Any work that springs from the Young Pleasance is usually fairly unmissable at the Fringe. Delivered by Spies Like Us, an ensemble physical theatre company comprised of six Young Pleasance graduates, Our Man in Havana is no exception to the rule.
“an uproarious parody of the various conventions of the Cold Ear espionage genre”
Based on Graham Greene’s 1958 novel, Our Man in Havana explores the world of Cold War surveillance through the eyes of unassuming vacuum cleaner salesman Jim Wormold, who is inexplicably recruited by MI6 to spy in Havana, Cuba. The show recalls the delights of Patrick Barlow’s long-running adaptation of The 39 Steps, with which it shares a nostalgia for early twentieth-century tales of English espionage, using an impressively small cast playing a hilariously wide multitude of roles, and impressive feats of physical theatre.
Performing in the relatively confined space of Pleasance Below, the five-strong cast showed prodigious ability in their physical sequences, impressively recreating the sense of car chases and concealed backroom discussions with a wit and charm that marks them out as ones to watch for the future. One gasp-inducing moment came when one of the young actors twirled his co-star around in the air and, as she landed back on her feet, the action of a chase scene continued at a dizzying pace.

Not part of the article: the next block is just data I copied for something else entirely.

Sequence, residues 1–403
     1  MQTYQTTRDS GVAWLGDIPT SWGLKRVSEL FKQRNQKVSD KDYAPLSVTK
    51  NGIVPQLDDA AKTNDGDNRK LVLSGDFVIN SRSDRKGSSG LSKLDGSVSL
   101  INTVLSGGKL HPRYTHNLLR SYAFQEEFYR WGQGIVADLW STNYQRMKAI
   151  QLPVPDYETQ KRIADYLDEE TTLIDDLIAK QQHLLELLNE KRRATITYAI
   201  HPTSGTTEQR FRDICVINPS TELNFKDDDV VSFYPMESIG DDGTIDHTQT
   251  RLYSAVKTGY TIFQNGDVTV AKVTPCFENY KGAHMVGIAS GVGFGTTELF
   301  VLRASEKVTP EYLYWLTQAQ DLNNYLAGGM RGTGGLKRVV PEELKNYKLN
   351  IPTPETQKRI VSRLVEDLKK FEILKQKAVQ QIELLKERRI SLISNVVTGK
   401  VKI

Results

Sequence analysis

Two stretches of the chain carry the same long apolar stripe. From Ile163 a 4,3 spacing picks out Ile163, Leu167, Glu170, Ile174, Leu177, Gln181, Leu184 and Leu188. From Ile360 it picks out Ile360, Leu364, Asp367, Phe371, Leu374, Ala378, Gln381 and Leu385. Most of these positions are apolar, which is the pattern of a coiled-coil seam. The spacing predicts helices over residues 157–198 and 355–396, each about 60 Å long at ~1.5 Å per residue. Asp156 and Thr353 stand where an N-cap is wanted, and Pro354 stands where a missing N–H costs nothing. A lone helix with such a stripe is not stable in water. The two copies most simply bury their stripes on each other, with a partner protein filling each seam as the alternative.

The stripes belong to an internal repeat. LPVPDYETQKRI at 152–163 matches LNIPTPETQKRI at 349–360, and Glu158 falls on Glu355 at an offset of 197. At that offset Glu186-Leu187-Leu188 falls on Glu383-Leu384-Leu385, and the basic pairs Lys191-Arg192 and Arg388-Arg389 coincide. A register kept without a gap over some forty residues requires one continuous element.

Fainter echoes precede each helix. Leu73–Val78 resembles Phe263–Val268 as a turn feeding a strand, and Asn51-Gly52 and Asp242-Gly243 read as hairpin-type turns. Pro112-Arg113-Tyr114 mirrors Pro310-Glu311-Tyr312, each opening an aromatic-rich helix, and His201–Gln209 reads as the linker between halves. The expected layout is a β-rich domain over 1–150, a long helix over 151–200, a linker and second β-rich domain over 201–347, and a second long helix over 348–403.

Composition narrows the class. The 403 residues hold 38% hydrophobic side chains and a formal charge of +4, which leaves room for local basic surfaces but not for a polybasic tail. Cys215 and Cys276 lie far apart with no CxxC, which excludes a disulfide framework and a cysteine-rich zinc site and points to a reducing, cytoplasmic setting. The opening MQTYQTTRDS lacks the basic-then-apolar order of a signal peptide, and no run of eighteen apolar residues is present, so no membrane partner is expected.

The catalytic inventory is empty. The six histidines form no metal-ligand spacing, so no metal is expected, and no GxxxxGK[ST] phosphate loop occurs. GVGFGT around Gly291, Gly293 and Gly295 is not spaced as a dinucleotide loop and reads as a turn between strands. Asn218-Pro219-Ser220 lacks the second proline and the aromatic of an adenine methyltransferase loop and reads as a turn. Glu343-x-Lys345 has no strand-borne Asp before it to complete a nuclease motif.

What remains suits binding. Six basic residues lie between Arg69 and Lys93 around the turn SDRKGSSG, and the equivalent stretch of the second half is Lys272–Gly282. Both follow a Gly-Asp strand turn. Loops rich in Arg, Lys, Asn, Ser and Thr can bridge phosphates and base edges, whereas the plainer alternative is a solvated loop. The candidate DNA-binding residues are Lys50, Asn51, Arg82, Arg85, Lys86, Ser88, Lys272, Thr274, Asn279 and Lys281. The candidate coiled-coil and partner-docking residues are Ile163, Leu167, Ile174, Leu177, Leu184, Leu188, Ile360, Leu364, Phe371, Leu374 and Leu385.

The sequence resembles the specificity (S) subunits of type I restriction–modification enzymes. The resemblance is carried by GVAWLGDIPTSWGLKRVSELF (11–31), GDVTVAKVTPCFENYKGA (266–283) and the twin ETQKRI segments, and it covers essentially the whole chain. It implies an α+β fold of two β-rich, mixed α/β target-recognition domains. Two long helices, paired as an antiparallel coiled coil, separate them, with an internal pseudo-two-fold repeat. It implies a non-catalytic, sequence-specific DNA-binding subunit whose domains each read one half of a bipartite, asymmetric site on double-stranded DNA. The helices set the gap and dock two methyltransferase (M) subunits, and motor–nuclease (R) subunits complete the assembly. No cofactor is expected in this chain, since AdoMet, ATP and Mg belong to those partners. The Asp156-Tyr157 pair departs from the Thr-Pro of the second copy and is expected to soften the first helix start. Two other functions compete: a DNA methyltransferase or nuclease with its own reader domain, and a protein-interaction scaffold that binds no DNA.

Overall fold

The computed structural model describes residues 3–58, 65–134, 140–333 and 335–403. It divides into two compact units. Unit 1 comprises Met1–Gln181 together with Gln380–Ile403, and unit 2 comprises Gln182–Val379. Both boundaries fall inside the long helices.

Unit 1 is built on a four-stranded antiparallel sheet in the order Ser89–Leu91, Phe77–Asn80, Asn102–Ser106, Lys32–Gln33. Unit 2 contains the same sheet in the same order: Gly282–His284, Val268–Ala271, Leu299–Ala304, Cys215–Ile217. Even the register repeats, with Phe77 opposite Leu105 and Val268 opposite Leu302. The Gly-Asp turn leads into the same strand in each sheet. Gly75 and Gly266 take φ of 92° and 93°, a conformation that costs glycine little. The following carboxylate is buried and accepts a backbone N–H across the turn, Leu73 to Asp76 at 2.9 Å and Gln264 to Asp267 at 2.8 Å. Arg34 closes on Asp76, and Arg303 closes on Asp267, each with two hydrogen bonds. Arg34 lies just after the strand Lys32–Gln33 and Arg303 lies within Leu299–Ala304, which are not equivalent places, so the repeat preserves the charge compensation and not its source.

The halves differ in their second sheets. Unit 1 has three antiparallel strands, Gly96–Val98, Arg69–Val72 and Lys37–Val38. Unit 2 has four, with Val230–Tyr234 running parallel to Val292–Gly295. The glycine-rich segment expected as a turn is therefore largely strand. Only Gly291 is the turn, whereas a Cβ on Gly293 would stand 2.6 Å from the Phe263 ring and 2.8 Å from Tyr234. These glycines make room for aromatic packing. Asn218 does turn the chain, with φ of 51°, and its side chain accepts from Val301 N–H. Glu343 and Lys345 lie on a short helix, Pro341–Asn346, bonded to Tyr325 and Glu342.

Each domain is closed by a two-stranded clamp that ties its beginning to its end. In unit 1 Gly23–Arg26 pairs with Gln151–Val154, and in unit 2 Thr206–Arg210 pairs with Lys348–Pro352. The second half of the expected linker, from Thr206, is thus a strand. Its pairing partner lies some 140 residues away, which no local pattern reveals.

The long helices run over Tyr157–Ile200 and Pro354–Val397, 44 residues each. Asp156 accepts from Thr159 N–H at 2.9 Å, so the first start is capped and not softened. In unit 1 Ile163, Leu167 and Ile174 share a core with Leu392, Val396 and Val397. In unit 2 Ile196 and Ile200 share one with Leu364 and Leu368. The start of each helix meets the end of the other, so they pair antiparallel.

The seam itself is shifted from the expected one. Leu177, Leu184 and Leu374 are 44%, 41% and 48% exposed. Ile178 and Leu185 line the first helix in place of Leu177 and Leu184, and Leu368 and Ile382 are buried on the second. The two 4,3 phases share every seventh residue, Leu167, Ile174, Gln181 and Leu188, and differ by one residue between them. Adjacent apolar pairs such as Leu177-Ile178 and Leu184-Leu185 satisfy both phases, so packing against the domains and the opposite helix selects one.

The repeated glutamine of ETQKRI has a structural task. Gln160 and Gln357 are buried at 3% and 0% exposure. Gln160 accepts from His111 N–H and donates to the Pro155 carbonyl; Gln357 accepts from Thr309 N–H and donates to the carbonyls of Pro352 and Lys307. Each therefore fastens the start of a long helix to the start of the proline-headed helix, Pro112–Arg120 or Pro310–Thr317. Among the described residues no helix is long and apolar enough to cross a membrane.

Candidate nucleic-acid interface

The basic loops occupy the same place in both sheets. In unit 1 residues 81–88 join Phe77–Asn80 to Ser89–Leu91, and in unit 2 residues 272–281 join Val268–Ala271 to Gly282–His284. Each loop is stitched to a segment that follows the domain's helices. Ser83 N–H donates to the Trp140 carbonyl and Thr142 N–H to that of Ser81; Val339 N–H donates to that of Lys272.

Our Man in Havana is also an immensely funny show, with every actor possessing acute comic timing well beyond their years and using this to great effect throughout. Equally, their slightly heightened accents and posture perfectly recreated the 1960s world of glamour and danger that Greene’s original novel evokes, serving both as a faithful tribute to it, while also managing to be an uproarious parody of the various conventions of the Cold Ear espionage genre, on both page and screen.
Spies Like Us have delivered an immensely enjoyable theatrical experience, which will plunge you into a world of gloriously silly and nostalgic escapism for an hour and which, I suspect, given the heady pace and richness of the show, would gain even more from repeat viewing.
Pleasance Courtyard – Below, 2nd – 28th August, 13:00
Image: Pleasance Theatre Trust